The Courtenay radio station that fired a host after he asked Premier Christy Clark a sexually charged question says the termination is a personnel matter and an internal decision and would not comment further.
Fair enough, but if the DJ was fired simply because he embarrassed the province’s top politician, that would be regrettable.
Justin Wilcomes was interviewing the premier on JetFM in December when he relayed a sexual question from a listener. This week, it was announced that Wilcomes has been released from his employment contract. In an interview with a Vancouver radio station, Wilcomes called his termination an overreaction.
We think the question was inappropriate and tasteless, and the radio host should have shown better judgment. Clark has been criticized for her response, but she probably did the best she could under the circumstances. But the question and the answer are not at issue here.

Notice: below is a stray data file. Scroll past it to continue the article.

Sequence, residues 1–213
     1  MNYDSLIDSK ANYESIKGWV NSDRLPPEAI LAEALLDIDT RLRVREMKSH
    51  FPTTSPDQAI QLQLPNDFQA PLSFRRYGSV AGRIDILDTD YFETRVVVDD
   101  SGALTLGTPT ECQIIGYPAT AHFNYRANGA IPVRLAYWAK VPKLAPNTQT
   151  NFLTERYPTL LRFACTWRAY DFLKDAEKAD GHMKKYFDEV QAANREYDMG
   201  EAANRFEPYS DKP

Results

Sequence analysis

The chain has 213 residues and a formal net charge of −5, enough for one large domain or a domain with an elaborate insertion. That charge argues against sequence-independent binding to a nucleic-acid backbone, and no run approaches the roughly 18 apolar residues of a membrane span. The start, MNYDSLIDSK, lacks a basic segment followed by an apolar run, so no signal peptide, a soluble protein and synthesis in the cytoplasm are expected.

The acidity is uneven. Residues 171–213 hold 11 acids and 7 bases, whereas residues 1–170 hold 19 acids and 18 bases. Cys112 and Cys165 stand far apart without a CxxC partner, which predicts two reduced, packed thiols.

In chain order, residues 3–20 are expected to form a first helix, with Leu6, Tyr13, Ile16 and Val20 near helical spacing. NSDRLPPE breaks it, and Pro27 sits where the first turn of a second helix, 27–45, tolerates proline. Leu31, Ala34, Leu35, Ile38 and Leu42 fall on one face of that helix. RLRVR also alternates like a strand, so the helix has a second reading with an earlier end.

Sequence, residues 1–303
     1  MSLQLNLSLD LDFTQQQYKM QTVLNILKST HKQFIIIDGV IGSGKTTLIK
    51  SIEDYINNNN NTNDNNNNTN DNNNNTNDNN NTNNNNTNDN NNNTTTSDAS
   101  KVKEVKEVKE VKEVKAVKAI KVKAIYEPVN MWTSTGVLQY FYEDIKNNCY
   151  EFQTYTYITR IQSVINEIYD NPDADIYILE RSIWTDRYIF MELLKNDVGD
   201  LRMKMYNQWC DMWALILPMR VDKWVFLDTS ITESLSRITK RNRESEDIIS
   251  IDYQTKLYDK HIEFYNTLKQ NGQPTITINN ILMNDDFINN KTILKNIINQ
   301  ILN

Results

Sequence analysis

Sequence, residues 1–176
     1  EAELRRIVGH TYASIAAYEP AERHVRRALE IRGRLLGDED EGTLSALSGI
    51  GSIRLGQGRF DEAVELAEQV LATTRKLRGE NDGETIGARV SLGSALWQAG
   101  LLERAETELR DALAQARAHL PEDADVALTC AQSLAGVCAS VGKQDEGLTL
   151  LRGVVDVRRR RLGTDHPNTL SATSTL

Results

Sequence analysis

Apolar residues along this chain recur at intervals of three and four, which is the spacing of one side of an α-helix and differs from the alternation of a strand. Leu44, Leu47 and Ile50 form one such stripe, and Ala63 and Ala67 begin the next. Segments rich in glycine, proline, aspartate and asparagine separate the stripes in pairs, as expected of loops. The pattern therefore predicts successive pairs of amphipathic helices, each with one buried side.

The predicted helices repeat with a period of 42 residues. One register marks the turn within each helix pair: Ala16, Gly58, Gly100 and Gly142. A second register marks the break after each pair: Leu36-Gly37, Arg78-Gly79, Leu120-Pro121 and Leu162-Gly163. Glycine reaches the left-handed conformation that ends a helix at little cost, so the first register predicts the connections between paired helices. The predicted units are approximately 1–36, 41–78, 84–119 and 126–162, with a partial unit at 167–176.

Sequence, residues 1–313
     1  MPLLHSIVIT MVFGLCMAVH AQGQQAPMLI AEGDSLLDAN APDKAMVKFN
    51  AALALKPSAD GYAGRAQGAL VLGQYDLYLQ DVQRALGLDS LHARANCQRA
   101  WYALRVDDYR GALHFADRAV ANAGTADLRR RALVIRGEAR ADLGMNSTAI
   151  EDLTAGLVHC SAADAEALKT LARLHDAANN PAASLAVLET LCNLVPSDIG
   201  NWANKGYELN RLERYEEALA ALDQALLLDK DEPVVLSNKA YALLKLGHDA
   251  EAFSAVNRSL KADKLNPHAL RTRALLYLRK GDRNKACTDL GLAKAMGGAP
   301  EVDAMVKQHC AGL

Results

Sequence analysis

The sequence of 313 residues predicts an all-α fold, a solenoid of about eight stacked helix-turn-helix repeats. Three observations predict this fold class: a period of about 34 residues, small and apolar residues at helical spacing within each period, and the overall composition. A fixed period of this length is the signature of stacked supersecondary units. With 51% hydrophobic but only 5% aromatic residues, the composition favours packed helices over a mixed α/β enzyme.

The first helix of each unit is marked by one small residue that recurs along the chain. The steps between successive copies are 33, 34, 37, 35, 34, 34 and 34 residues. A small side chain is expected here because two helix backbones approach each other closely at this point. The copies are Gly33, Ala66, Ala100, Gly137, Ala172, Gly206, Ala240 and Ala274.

If Wilcomes was fired because his employers thought the conversation violated the station’s ethics or standards, that’s understandable. But if the termination came because the premier was involved in the conversation, that’s another thing. (The premier’s office did not complain nor did it ask for Wilcomes to be fired.)
Elected officials do not need to be treated with kid gloves, nor should they be. Certain protocols are necessary to facilitate the performance of their duties and to ensure their safety, but they are elected, not deified. A prime minister’s status (prime minister and premier mean much the same thing) is described as primus inter pares — first among equals. Our leaders stand among us, not above us.
Respectful conversation is to be encouraged, but it should not depend on political or social prominence.
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